2

I'm referring to frequency tables such as this one:. To take one example, it lists words like 商 and 业 in the top 500 characters and words like 买 and 卖 in the second 500 characters.

That's true even though 商 业 and 买卖 both loosely mean "business."

Are these relative frequencies valid across the board or does the average person use 买卖 more in speaking rather than writing?

5

Of course it is. Interjections are far more common in any spoken language compared to its written counterpart. Chinese also consists of many words and phrases that are very formal and rarely spoken.

https://naccl.osu.edu/sites/naccl.osu.edu/files/NACCL-21_Vol._1--Hongyin_Tao--pp._13-27.pdf could be taken as a starting point.

While the ten most common written characters are 的,一,是,不,了,在,人,有,我 and 他, the most spoken ones are 的,是,我,就,不,你,了,那,啊 and 个。

那个 and 啊 stand out in spoken Chinese, as does 你, since written language usually addresses a collective.

嗯 occupies place 2042 in the written frequency list, but position 30 in the spoken. Similar for 吧 and 哦.

3

The site listed doesn't give a lot of information on what exactly the corpus is, but as the paper is from 2010, we can assume that there isn't quite as much bias towards social media posts as there would be if such a study occurred today. That's important because social media tends to be "written" in a register that's much more in line with the spoken register of a language compared to traditional written media.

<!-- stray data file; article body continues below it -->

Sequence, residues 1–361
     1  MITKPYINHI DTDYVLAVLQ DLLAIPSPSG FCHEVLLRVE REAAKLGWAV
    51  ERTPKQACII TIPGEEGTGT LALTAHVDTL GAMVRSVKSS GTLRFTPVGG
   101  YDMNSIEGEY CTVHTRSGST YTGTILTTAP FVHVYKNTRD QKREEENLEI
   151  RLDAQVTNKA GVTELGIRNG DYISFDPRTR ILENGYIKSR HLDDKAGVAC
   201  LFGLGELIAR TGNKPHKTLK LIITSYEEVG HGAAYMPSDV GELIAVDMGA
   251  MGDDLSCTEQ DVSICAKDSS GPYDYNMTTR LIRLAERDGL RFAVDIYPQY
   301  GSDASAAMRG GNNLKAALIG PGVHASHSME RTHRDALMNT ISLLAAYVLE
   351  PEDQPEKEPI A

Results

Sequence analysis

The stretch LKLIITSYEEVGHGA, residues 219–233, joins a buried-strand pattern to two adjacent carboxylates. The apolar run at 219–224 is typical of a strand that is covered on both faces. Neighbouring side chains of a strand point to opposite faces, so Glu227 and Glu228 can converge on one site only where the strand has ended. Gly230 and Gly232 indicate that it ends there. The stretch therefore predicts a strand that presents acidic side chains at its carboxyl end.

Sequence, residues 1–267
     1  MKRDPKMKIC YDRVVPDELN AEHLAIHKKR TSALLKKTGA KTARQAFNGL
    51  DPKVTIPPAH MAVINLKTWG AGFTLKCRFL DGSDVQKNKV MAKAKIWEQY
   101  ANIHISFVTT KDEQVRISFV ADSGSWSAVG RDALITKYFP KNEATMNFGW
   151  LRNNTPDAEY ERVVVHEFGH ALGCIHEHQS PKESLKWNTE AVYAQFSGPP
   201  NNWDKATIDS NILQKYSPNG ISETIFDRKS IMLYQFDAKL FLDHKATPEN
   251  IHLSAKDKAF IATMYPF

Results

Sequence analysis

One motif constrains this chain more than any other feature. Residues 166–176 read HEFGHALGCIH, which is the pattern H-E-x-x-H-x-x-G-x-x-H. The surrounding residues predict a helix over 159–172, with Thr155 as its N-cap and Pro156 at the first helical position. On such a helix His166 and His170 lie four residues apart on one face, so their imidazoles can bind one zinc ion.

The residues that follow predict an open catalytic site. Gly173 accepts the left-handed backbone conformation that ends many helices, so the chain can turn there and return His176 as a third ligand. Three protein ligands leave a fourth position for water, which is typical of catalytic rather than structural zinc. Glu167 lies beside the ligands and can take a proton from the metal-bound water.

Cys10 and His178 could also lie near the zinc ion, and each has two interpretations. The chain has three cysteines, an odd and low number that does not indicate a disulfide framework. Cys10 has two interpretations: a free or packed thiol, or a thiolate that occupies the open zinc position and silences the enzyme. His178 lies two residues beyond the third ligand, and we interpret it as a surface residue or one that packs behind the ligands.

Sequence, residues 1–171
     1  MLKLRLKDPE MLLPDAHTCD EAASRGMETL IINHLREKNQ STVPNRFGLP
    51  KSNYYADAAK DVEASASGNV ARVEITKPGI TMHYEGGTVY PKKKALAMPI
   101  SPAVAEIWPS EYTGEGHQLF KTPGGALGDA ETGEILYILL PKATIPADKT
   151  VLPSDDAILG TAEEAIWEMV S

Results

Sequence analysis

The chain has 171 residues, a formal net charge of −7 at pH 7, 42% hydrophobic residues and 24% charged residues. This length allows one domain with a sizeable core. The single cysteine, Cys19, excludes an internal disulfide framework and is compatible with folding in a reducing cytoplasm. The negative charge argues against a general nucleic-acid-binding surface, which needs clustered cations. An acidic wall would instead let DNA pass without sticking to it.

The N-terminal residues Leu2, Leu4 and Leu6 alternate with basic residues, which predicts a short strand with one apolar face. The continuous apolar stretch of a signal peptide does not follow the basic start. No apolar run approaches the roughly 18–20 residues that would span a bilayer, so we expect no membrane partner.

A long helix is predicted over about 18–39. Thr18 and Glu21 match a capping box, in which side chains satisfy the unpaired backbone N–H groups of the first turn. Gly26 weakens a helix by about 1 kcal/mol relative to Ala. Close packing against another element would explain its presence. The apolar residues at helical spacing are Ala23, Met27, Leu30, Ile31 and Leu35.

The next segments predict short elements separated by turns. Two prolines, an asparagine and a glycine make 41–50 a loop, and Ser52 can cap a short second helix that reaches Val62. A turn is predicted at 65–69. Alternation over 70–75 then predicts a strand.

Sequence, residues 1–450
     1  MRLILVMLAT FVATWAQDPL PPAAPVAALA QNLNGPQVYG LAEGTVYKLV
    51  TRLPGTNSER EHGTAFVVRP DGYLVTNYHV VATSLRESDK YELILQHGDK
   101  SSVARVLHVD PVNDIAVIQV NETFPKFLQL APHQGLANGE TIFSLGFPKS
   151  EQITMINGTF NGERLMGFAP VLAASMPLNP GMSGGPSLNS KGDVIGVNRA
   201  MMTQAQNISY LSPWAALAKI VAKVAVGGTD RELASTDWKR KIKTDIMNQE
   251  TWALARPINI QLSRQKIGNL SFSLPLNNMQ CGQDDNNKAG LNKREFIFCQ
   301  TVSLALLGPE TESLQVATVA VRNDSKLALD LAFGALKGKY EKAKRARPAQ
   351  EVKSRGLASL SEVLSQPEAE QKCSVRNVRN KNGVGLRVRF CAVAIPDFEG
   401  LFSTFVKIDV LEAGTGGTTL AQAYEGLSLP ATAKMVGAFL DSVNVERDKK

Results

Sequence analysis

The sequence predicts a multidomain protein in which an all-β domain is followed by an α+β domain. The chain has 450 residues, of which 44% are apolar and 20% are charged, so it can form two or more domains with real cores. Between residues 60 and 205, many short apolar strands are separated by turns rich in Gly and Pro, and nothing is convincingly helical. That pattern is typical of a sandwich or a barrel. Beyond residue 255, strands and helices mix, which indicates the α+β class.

As such, this phenomenon is not unique to Chinese, but can be noticed throughout pretty much any language with a large corpus of written media. Much like a news article in English would likely use the word "purchase" more often, whereas spoken English would tend towards "buy/bought," it would be natural for a similar situation to occur in Chinese. This would result in a different frequency distribution for characters in written Chinese as opposed to spoken Chinese.

  • It would be awesome to see a frequency list based on spoken chinese. – Enrico Brasil Nov 25 '15 at 1:57
  • @EnricoBrasil: My guess is that the way to do it would be tape record a lot of conversations, and transcribe them. Maybe "programs" such as newscasts would be intermediate between the written and spoken languages, but even movies may tell a different story. – Tom Au Nov 25 '15 at 3:11

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